South Africa at the Crossroads?

August 30, 2012 6:00 pm

They were scenes reminiscent of the infamous ‘Sharpeville Massacre’ at the height of the racist apartheid regime. The police murders of 34 striking miners, at the Lonmin platinum mining company at Marakan, revealed the true nature of the present South African government.

The promise of the historic ending of apartheid in 1994 lies in tatters. Instead of a racial apartheid, we have the continuance of an economic apartheid. The majority continue to live in the squalor of townships, with 40% unemployment, the AIDS epidemic, rising crime rates and one of the biggest wealth gaps in the world. But this tragedy did not drop from the sky. Poverty, class divisions and the crisis of a failed capitalist system have played a primary role in the devastating scenes relayed across the world on August 16. This industrial dispute was the latest in a long line of workers defending their livelihoods as the political and economic elites continue to enrich themselves.

The Apartheid State

A former colony of Britain, South Africa’s white minority rulers ruthlessly exploited its black population as a source of cheap labour in the lucrative mining and other industries. Massive profits encouraged foreign capital and multinational companies to invest in a low wage economy. Oppressive pass laws, restricting freedom of movement to disenfranchised black workers, and the imposition of poll taxes, ensured the continuation of a system based on racist laws.

Post 1945, war-weary European powers’ direct control over their colonies began to unravel, not least on the African continent. Nothing terrified the white rulers of South Africa more than the prospect of majority rule such as took place in the likes of Algeria and elsewhere. In the USA, the growth of the Civil Rights movement gave inspiration to many black liberation groups.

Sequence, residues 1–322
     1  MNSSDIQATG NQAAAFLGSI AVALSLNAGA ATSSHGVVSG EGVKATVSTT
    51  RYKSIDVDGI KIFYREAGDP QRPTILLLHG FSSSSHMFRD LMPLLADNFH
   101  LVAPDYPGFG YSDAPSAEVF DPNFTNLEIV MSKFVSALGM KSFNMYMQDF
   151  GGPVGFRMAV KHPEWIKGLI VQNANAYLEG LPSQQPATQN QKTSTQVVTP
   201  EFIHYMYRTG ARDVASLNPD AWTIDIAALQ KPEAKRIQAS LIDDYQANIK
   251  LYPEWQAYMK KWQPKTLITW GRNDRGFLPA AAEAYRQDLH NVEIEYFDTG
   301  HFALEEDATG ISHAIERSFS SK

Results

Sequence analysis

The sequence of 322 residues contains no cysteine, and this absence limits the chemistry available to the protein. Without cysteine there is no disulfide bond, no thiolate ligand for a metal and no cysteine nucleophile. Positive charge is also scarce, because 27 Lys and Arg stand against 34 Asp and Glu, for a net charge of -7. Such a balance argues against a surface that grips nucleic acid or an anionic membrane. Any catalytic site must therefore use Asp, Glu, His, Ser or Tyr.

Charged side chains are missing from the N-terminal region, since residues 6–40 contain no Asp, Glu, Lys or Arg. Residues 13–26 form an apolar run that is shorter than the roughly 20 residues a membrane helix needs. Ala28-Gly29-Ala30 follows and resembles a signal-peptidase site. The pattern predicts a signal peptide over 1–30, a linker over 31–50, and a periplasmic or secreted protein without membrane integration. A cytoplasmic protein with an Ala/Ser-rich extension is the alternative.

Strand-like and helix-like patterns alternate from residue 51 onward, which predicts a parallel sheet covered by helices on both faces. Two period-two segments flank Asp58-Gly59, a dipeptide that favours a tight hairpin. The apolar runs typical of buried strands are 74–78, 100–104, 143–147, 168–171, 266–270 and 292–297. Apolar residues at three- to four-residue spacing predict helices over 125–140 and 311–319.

Freedom Charter

The main opposition group in South Africa was the African National Congress (ANC), founded in 1912, which was to join forces with the banned South African Communist Party (SACP).

The leadership of the ANC, which included Nelson Mandela, issued its own ‘Freedom Charter’ in 1955. Their historic mission, according to Mandela, was ‘to create the conditions for the rise of a prosperous non-European bourgeoisie’, namely a rich, black , capitalist middle class. Mandela was  the descendant of a chief of the Thembu tribe and became involved in politics as a law student at Fort Hare University. He joined the ANC and participated in their non-violent protest movement (inspired by Ghandi’s methods). It was the political dead-end of peaceful protest, easily ignored by the government or violently abused, as at the Sharpeville Massacre, that decided a frustrated Mandela to become head of the ANC’s military wing. It was his terrorist activities that led to his eventual 27 year long incarceration for which he became a cause celebre.

Having no traditional links to the labour movement, like other thwarted middle class revolutionaries, Mandela turned to the cul-de-sac of terrorism where a small group of activists believed violence could substitute for an organised mass movement. In reality, such bombing campaigns only give the state the excuse to introduce more repressive laws and infuriate the people that the terrorist was intending to ‘liberate’. As a result of another purge of the ANC, their leadership and activists were either forced into hiding, moved into exile or were imprisoned.

South African Communist Party

Founded in 1921, influenced by the 1917 Russian Revolution, the SACP made headway in recruiting many white workers in the mining industry. The bosses attempted to divide and rule black and white workers by relaxing the ‘colour bar’ in the mines to give supervisory roles to black miners. A call was made by SACP activists, introducing a class perspective, to unite against management. This led to  a successful recruitment drive to the party and forged eventual affiliation between the ANC and the SACP. Unsurprisingly, the SACP was also banned by the apartheid authorities and had to work clandestinely.

Soweto Uprising